This is not an “advice” article; it’s more like a “suggestion” article. If you are like a lot of the older generation, you may have a calendar on your refrigerator door in your kitchen. Not everyone would choose to use this spot for a monthly calendar, but it works for me. When I look at my 2017 calendar, I see pages of important information I may need in the coming year of 2018. We use our calendar for all doctors’ visits, wellness check-ups, as well as all other important appointments.

A new big magnetic clip has recently been added to our refrigerator door. It holds all the important information needed by any EMS person who may come to our house. If we are unconscious, they know to look on the door of the refrigerator where they will find said information. It even reflects a blue light, if a flashlight is being used to find it.

An additional use of the calendar, with the one-inch squares, is for meetings or lunches with friends. Two or three times a year, George does the chores at another farm while the owner is on vacation. Right now, he has marked off nine straight days to do morning and evening chores for a friend who is out west visiting her grandchildren for Christmas. These are in addition to doing all his own chores, too.

For any of the next year’s appointments that are already made, I make note of them at the bottom of the December page of each year’s calendar. That way, just before beginning use of a new calendar, I transfer all the appointments already made, onto the next year’s calendar.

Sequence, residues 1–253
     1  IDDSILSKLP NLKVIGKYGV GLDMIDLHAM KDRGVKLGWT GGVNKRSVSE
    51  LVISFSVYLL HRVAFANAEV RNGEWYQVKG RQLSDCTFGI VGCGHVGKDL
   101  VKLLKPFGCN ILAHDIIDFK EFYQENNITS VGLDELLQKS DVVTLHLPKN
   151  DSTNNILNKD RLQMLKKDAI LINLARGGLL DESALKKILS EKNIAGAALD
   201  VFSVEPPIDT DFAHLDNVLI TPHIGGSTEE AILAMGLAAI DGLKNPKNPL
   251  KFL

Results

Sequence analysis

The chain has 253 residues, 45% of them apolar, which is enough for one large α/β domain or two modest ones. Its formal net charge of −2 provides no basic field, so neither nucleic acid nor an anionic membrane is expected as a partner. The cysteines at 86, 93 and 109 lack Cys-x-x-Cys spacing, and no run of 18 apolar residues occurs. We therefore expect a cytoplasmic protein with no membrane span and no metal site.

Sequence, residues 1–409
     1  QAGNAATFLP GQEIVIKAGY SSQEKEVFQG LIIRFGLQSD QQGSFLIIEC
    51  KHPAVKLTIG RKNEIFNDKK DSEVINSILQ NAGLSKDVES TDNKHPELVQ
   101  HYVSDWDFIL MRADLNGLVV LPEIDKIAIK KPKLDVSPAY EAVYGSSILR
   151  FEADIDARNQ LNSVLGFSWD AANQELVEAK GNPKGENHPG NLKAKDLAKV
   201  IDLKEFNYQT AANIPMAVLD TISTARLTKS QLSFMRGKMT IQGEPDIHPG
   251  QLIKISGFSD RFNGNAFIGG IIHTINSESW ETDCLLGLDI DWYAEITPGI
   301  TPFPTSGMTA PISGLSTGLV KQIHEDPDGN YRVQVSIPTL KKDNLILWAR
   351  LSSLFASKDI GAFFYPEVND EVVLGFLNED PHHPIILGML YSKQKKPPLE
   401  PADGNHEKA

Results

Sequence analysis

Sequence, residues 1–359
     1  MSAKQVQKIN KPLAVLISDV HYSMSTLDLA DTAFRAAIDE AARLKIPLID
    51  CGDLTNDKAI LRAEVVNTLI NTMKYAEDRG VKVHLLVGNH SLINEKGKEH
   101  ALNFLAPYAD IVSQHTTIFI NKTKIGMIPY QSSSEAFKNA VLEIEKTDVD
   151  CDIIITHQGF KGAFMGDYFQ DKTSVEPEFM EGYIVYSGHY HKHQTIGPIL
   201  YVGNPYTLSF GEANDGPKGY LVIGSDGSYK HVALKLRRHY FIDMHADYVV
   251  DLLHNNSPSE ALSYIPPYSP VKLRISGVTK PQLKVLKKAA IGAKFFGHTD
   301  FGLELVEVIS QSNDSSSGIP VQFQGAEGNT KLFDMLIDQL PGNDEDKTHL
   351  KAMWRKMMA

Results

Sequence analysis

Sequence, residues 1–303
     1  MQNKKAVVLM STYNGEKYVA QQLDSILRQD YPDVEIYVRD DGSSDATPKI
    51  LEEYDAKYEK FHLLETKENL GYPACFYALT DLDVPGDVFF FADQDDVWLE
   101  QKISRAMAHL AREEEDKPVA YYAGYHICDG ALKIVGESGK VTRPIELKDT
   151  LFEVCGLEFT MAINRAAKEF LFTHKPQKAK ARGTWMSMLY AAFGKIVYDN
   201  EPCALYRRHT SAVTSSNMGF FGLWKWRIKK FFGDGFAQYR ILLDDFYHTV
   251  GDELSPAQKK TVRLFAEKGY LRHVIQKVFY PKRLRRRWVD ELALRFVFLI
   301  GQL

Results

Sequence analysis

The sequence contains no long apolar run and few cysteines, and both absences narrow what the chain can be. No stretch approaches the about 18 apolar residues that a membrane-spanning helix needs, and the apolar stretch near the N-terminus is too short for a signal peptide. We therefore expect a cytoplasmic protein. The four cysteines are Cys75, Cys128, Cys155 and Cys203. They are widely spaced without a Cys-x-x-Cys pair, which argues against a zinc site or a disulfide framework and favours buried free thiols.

In addition to the monthly calendar, I also have a magnetic clothespin on the refrigerator door. It holds all of those 2-inch by 3-inch cards that receptionists give us for future appointments. One of our appointments already goes as far into the future as November of 2018. Each time we get one, I put it in the order of the date of appointment, and clamp them together with that one clothespin. Not only are they a reminder of the future date, but each card has the phone number of the doctor on it. This way, when you leave the house for the appointment, you will know right where that card is to take with you. And, in case you are running late, you can call. Or, call if it’s a new address and you are having trouble finding it.

All family and friends’ birthdays are on the calendar, along with dates when some of our monthly bills are due. This way, George can fine a good day to get sawdust, or to know when he can go to Amish country to get Simon, to bring him here for a day of shoeing the horses. Also, to not only know when a repair person will arrive, but to be able to go back and see when they had previously been here. Many times I have watched as George stands at the refrigerator (door shut) looking for what we call “free days,” so as not to conflict with other appointments. I have even marked when election days are, when to get a flu shot, when to renew my driver’s license, as well as when to take the turkey out of the freezer.

I am very aware that some of you may have all this information in your iPhone. You may be thinking the older generation is living in the past (which really isn’t such a bad place to be these days). Maybe we come under the heading of “If it ain’t broke, don’t fix it.” Maybe someday in the future, it will be “broke,” and we will have to “fix it.” But for now, I’ll just use my “no stress” paper calendar that’s on the refrigerator door in the kitchen.

By Kay Conklin

Contributing columnist

Kay E. Conklin is a retired Delaware County recorder who served four terms. She graduated from Ohio Wesleyan University with a degree in sociology and anthropology.